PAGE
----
Moving on to the study of structural bodywork and essential books to my trade such as Postural Integeration by Jack Painter, a variation of Rolfing, a method of structural integration by Ida Rolf. Listen To Your Body is a great resource for athletes and therapists alike.

Arny Mindell's books were a revelation more than two decades ago. I found the first one in a bookstore right across my street and soon found myself back in my home town in Zuerich for an intensive with an international body of students and teachers. It was a fantastic experience that changed my approach from a somewhat goal oriented approach in massage therapy to a process oriented approach in bodywork. The study of Hakomi mind/body therapy gave me the additional skills and confidence needed for a unique approach I named Uomi Bodywork.

My process (of Jungian individuation if you will) really got its start with engaging in the expressive arts while still a teen. I discovered painting from within, painting in colors and shapes that expressed my inner states rather than attempts at imitation of an outer reality, so very similar to what Cassou described in Life, Paint and Passion. Given permission and tools to express feelings, I would sit and cry and cry, not knowing why, but I felt a deep and liberating effect.

Julia Cameron, the famous author of The Artist Way, has moved back to Santa Fe. A local now she currently teaches her method of creativity within my walking distance. I love her generous spirit, her availability, and her principled approach to process.

Astrology has held a fascination for me since I am 17. Liz Green's book of Saturn was maybe the first truly psychologically oriented book on Astrology I got introduced to when I lived in Amsterdam and studied astrology with Richard Lamm, an English astrologer and painter at the meditation center "Het Cosmos". There this smiling, gray-bearded man sat on the floor with his blackboard where he discussed charts in great depth with anyone that happened to walk into the room. He helped me to understand and accept my trouble in fitting in as an Aquarian tinged personality into a Virgo type Swiss society, epitomized in Zurich. I am forever grateful to Richard for having opened my eyes to the rightness of things, above as below, and their processes.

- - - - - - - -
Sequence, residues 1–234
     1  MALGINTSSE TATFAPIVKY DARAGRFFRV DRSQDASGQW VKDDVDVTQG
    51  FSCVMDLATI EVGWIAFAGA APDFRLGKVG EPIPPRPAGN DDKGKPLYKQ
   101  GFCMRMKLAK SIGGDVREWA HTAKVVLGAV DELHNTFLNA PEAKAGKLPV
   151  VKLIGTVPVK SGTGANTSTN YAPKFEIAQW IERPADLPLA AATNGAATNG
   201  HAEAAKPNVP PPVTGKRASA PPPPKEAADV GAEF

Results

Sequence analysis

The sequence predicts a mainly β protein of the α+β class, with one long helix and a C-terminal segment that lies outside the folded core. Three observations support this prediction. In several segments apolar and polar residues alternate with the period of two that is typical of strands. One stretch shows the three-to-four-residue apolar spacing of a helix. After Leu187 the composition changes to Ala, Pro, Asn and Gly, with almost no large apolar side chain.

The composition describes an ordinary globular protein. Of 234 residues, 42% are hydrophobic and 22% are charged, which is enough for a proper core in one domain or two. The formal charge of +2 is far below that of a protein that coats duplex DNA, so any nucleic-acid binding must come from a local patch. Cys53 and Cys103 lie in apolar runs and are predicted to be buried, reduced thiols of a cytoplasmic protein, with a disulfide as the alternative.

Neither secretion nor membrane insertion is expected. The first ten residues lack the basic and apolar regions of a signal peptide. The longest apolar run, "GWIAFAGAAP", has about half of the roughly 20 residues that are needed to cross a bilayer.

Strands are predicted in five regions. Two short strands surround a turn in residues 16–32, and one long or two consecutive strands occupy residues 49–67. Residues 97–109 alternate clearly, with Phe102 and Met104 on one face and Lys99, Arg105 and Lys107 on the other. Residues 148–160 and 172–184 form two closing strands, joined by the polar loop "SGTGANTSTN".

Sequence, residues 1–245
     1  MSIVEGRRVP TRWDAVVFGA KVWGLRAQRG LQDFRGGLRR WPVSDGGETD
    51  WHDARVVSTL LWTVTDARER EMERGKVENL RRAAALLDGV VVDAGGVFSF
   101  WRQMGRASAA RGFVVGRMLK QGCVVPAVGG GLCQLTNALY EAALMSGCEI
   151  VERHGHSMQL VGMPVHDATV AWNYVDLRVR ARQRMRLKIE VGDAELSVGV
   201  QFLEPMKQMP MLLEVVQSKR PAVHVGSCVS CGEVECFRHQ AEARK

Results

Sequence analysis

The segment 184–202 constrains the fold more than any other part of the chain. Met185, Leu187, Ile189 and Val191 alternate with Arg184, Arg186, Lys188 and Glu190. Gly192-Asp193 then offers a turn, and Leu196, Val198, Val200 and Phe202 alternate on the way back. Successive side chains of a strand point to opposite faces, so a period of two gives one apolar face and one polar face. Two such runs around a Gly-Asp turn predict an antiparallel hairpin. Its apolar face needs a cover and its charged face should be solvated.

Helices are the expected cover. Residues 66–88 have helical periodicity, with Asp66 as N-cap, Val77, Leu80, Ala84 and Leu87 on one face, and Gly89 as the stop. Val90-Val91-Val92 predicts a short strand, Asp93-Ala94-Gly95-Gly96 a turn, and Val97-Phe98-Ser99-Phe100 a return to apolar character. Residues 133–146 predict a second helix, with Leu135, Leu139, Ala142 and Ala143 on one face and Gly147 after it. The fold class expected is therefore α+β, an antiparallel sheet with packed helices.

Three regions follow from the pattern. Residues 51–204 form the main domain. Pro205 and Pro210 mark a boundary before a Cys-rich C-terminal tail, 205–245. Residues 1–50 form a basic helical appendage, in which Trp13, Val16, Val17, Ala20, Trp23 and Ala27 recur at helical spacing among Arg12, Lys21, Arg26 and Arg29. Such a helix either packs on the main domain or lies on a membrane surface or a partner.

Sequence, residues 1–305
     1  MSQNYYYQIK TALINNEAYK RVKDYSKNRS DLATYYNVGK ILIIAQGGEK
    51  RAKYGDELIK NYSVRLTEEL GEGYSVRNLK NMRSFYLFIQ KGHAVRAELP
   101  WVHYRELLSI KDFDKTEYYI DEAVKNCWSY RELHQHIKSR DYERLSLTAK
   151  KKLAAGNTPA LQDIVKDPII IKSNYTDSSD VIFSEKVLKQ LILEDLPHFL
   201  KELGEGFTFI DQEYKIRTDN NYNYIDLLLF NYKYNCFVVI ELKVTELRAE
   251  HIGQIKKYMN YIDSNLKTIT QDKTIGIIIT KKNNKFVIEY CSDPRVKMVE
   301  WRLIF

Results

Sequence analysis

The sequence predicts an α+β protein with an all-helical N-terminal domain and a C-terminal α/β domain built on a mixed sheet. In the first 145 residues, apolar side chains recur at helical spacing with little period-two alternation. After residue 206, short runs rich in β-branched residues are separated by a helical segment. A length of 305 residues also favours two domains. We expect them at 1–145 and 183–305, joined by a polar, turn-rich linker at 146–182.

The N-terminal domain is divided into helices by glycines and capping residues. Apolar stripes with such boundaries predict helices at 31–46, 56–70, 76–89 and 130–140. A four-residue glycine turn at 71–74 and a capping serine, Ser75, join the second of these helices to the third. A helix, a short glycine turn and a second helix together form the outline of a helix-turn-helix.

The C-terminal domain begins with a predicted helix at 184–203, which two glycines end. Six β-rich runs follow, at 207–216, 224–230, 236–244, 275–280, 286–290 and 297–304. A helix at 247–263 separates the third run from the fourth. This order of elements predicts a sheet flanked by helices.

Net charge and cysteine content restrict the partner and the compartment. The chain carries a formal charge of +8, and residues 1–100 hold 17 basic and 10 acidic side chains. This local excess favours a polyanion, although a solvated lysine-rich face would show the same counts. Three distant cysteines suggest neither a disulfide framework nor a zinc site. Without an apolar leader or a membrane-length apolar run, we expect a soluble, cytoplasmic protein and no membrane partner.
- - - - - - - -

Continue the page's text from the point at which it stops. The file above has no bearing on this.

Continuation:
My interest has always been in a psychological rather then predictive approach to astrology. In the last ten years though I felt a need to step back. It is so easy to spin astrological or political material in to a desired message. How to separate the seed from the chaff?

On to Literature, where Shantaram has been by far the most gripping book I have read in years. I opened it at Borders and never stopped reading, right from the middle, to the end and back to my beginning. Will it ever be made into a movie with Johny Depp as promised?

Ahab's Wife surprised me, was a style of book I would not usually read, but it's rich language absolutely enchanted me. Ursula Hegi resurrected my Mom for me in her masterly crafted writing that depicts Germanic culture in style of speaking, thinking and being. I discovered her by chance, house sitting in California where "In The Palm Of My Hand" (still my favorite) caught my attention. I have since read most of her novels. I loved Poitier's The Measure Of A Man, what a beautiful spirit. The expression of kindness is irresistible in a man.

An invisible layer of old pocket books in the back, stacked against the wall, funky, are classics worth holding on to. I used to love Gogol, got introduced to the Russian writer by my New York buddy, a writer and waiter at my favorite coffee shop. We had a trade going where I would work his body and he would work my mind. Nathan introduced me to literature in an effort to improve my English language skills and grasp of culture. I have it in mind to read Gogol again as his humorous insights of the characters of everyday working people and their bureaucratic minds were something to behold.

Finally an illustration out of my Mom's book, Don Camillo and Peppone by Guareshi, a book I must have first opened 6 years old while alone at home I peered through my Mom's small library. This was one of a two of her books that contained illustrations. I vaguely remember how I peered, how I tried to make sense of all those letters. As an adult this book never fails to lift my spirits and to make me laugh, so funny the struggles between god's servant, the priest Don Camillo and Peppone, the major, a public servant, placed in northern Italy.

Impossible to talk about books and not bookstores. Santa Fe is blessed with quite a few independent ones of which Collected Works Bookstore and Coffeehouse is my favorite as regards ambiance and events of interest such as book signings, poetry readings, but also meetings of progressive groups such as the Coffee Party, or homely ones such as a small group of knitting women and not to forget the occasional musical performance. 

Ever since Collected Works moved into their larger space that allowed for comfortable sofas situated around a fireplace, good espresso along with tempting treats in the company of canine companions (yes, the owner Dorothee welcomes well-behaved dogs - heaven) I harbored a desire to manage their coffeeshop. I would like to contribute to the friendly atmosphere, to welcome tourists and locals alike,  to be sociable and helpful while I would enjoy once again a regular job. I would be a punctual, honest and dedicated employee that would go the extra length to be accommodating - if appreciated.

Spotted outside Collected Works Bookstore.
I must say that in the last decade I have not read very much. Too often literature leaves me at a loss, stories seem too removed from my life to hold my interest, authors would not convince me why I should care. I would love to discover more contemporary writing that really would resonate with my life experience. So my question to you, what books do you love and what would you recommend for me? Your answers will be appreciated, thanks for reading and considering.